Born in Prague on October 14, 1950, Mr. Palous received his PhD in chemistry from Charles University, Prague, in 1973, and went on to study philosophy and social sciences (graduating in 1977). He also studied law (1996-1999, 2002-2005), completing his PhD in international law in 2000 at Masaryk University in Brno, Czech Republic, with a dissertation entitled Freedom of Expression at the beginning of the 21st Century.
In 2001, he defended his higher doctorate in political and became associate professor at Charles University in Prague.
One of the first signatories of the 1986 Charter 77, Martin served as spokesman for this dissident human rights group. A founding member of the Civic Forum (November 1989), he was elected to the Czechoslovakian Federal Assembly in 1990 and became a member of its Foreign Affairs Committee. He joined the Ministry of Foreign Affairs of Czechoslovakia as adviser to Minister Dienstbier and was Deputy Minister of Foreign Affairs from October 1990 to October 1992. From October 1998 through September 2001, he served as Deputy Minister of Foreign Affairs of the newly formed Czech Republic, and was then asked by President Václav Havel to travel to Washington, D.C. as Ambassador Extraordinary and Plenipotentiary of the Czech Republic to the United States from September 2002 to November 2005. Dr. Palous was then designated as Ambassador of the Czech Republic to the United Nations, where he served in New York from 2006 through 2010.
Mr. Palous has held a number of teaching positions at Charles University, since 1990. He became a member of the Faculty of Social Sciences (the Institute of Foreign Relations) in 1994 and served for some time as the Faculty s Vice-Dean. In 1993, he joined the Centre for Theoretical Studies (research centre run jointly by Charles University and the Czech Academy of Sciences, headed by Ivan M. Havel). He has lectured extensively in the United States. In 1993- 1994 he was a visiting professor at Northwestern University, in 1995-1996 an associated professor at Central European University in Budapest. Until 1998 he was also active in various non-governmental organizations (Chairman of the Czech Helsinki Committee, Co-Chairman of the Helsinki Citizens Assembly).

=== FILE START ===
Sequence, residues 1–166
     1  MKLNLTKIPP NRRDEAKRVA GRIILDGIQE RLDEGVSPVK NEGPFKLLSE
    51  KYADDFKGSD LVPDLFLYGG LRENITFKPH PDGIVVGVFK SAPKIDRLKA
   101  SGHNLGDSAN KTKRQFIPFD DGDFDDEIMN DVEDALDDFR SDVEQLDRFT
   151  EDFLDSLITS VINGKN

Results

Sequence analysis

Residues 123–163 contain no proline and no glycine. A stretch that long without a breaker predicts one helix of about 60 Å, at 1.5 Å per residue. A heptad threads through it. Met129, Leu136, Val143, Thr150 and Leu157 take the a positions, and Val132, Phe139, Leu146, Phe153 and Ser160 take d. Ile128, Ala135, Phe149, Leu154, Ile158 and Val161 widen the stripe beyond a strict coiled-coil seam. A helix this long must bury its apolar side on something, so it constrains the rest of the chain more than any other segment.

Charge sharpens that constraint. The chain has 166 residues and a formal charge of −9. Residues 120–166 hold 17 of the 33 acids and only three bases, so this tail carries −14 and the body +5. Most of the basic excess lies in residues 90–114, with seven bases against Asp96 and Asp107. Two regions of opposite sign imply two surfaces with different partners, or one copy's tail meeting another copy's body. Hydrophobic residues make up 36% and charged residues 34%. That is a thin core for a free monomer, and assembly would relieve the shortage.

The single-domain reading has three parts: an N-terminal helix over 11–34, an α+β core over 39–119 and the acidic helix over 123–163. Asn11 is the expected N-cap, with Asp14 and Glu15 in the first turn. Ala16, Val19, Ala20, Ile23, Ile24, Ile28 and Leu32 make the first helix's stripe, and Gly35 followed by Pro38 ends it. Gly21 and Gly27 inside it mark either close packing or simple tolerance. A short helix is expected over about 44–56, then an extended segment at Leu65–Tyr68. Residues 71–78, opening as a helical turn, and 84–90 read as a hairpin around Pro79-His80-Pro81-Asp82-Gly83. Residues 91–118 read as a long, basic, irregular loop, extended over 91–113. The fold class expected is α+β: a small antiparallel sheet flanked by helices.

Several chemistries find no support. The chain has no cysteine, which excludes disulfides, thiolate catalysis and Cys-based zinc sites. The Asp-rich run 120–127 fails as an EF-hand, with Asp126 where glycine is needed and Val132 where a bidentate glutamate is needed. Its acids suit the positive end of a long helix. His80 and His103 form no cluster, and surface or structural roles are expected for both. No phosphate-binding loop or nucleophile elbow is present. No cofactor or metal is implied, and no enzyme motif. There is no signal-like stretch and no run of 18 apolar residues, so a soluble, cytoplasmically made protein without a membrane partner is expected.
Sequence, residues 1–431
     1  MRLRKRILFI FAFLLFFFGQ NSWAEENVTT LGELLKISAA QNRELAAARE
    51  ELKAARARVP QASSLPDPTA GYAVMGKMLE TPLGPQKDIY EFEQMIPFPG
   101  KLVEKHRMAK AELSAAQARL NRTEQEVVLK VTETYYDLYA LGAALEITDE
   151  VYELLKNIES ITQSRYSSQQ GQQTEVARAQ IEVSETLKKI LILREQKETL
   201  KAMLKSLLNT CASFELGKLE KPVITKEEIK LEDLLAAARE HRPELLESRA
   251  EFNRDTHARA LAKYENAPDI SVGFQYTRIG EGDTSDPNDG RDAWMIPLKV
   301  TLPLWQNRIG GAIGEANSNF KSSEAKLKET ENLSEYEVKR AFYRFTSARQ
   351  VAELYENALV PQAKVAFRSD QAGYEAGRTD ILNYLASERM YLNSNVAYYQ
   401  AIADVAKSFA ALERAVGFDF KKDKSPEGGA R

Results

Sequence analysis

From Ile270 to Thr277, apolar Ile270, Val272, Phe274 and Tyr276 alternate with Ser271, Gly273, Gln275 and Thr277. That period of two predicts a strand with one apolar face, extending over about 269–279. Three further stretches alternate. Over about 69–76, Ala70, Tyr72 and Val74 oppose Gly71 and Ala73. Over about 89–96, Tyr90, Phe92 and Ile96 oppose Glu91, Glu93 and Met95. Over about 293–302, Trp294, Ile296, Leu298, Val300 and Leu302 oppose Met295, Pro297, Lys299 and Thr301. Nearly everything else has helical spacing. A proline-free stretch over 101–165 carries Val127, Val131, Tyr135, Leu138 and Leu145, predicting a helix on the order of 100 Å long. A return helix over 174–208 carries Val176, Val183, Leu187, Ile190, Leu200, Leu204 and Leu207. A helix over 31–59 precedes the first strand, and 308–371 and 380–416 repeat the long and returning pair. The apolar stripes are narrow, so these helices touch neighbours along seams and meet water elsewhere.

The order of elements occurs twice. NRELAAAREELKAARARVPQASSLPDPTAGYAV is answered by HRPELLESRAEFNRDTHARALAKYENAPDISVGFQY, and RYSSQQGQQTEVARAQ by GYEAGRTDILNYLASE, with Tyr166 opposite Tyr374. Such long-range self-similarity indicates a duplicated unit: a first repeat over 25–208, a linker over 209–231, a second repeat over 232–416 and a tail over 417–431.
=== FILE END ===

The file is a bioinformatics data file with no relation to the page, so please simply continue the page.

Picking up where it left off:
Mr. Palous is the author of numerous publications, including the chapter on the Czech Republic in the European Commission publication Democratization in Central and Eastern Europe, "Totalitarianism and Authoritarianism", in the Encyclopedia of Violence, Peace and Conflict (1999, "Between Idealism and Realism: Reflections on the Political Landscape of Postcommunism", in Between Past and Future: "The Revolutions of 1989 and their Aftermath (2000), and most recently" What Kind of God Does Human Rights Require?", in Does Human Rights Need God? (2005), "Common Sense and the Rule of Law", in Philosophy, Literature and Politics (2005). He translates the works of Hannah Arendt and Eric Voegelin. Mr. Palous is married to PavIa Palousova, nee Nemcova. They have two children: Michal (1986) and Johana (1989).